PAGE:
Thursday, March 12, 2009

Disappointed Potential: The House of Paper

This is one of those books with vast potential that is left untapped, and ultimately disappointed. The premise of the story is spectacular, Borgesian, intriguing and mysterious: a book encased in cement with an inscription to an unknown person from a recently deceased professor is sent to her office and discovered by a colleague. He decides to try to find the sender of the book (no return address) based on the somewhat mysterious inscription, and return the book.

The set up is there, and the scope could be grand, labyrinthine, compelling and significant. But the short format makes the story seem hurried rather than unfolding, and dictated rather than narrated. The exquisite insights into the mind and heart of a bibliophile, or even just an avid reader, are plunked in as though the story is being tied up with significant meaning, instead of letting the meaning evolve through the story. It reminded me from the outset of The Shadow of the Wind, a complex mystery centered around the obscure author of a hidden book, but The House of Paper falls significantly short of what it could be.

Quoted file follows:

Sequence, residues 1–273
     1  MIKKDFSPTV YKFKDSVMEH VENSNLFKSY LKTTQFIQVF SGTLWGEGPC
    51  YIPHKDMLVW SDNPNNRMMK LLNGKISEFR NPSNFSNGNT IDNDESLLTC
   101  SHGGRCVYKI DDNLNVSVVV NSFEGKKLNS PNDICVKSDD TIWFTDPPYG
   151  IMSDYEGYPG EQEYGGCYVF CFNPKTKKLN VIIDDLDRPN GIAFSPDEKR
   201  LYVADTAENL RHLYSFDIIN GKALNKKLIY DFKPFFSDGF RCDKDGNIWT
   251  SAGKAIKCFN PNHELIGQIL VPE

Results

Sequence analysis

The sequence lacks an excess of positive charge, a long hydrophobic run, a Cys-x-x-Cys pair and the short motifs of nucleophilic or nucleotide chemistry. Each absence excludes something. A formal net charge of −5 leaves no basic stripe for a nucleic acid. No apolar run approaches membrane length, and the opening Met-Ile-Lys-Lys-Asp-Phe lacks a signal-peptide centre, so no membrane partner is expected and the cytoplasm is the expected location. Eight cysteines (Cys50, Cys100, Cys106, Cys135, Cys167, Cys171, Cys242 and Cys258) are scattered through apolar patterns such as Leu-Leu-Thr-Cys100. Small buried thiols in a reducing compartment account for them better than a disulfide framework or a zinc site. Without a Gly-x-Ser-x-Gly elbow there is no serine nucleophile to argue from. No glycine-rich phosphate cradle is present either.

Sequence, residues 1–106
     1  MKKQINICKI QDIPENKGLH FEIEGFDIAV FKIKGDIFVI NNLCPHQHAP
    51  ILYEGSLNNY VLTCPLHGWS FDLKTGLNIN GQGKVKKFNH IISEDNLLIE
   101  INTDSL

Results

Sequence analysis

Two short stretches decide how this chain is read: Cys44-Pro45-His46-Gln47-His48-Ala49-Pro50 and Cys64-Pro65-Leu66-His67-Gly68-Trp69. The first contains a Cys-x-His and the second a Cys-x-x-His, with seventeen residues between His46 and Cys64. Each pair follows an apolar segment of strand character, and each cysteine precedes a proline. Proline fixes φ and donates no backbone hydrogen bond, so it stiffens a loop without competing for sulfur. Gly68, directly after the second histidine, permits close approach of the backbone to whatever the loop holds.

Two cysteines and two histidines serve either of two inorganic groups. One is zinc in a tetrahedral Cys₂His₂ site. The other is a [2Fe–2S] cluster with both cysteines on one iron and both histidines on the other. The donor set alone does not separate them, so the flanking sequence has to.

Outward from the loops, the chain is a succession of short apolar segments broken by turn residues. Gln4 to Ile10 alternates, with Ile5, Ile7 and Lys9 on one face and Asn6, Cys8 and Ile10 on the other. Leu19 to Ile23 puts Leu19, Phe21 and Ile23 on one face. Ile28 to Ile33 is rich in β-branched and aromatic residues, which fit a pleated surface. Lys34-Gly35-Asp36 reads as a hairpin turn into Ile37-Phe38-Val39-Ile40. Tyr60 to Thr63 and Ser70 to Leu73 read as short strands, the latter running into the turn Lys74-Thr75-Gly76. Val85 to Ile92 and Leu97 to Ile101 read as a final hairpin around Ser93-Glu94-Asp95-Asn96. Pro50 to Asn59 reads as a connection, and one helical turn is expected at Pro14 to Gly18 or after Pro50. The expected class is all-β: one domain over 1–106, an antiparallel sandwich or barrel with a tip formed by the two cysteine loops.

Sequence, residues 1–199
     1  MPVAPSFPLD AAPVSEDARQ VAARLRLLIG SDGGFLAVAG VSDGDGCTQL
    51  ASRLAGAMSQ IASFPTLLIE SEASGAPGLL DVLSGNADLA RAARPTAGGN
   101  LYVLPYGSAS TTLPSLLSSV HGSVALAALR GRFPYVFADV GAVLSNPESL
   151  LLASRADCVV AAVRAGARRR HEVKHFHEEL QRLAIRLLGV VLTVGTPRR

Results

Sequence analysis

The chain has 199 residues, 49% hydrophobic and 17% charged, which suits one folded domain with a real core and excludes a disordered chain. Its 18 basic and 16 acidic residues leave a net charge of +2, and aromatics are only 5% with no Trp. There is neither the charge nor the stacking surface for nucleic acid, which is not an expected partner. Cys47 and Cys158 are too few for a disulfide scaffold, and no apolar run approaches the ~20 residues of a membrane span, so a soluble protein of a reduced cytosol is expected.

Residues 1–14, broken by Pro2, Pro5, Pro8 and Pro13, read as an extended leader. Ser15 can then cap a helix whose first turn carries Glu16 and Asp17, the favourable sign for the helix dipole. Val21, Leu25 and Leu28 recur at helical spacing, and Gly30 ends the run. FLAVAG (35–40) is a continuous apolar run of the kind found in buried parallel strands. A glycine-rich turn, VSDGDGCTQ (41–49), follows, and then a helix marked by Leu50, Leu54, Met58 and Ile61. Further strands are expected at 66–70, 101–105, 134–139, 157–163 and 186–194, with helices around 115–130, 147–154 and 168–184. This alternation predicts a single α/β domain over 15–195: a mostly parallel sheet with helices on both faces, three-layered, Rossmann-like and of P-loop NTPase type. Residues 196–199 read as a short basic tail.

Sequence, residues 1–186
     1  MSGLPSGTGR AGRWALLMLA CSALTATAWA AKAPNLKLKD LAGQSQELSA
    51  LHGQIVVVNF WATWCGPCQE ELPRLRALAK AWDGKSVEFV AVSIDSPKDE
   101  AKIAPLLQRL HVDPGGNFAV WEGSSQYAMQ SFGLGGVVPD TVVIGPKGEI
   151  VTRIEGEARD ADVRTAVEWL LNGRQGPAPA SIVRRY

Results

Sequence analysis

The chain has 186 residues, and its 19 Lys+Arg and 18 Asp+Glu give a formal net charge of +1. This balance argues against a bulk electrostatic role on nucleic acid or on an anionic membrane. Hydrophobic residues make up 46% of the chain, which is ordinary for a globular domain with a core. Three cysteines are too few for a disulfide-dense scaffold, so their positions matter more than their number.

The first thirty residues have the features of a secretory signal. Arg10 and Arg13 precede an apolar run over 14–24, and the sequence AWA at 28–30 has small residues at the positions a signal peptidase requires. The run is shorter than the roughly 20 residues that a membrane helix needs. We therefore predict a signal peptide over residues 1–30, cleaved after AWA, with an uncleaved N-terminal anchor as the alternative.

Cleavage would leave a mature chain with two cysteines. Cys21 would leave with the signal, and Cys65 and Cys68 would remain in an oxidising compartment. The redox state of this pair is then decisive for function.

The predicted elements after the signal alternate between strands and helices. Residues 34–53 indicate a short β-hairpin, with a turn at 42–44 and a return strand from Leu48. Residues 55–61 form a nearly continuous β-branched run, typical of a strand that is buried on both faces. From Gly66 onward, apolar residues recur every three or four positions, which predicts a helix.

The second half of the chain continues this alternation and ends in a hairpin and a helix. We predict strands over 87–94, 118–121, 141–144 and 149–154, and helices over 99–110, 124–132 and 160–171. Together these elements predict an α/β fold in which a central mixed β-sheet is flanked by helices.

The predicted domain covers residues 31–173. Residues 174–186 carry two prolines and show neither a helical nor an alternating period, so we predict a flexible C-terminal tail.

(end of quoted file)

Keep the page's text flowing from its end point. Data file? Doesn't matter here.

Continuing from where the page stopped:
Perhaps that's what's most frustrating about reading this book - that it could be infinitely more than it is. That the story could be experienced by the reader, rather than relayed by a rather monotonous narrator whose voice (perhaps because of poor translation) sounds no different than the character that tells the bulk of the story. Instead, it is a series of epigraphs linked together by a skeletal and merely sketched plot. Though eminently quotable, it amounts to little more than an excuse for these nuggets of wisdom about the significance of books and libraries in our lives.

The translation itself is in sore need of revision and editing, and reads more like a draft than a final version. The clumsy language obscures whatever rhythm and beauty may have been present in the original.

It is worth reading though, if only for the gift of its potential. And worth expanding upon, should the author and publisher see fit to do so. I would read this happily as a full-length novel rather than merely a novella.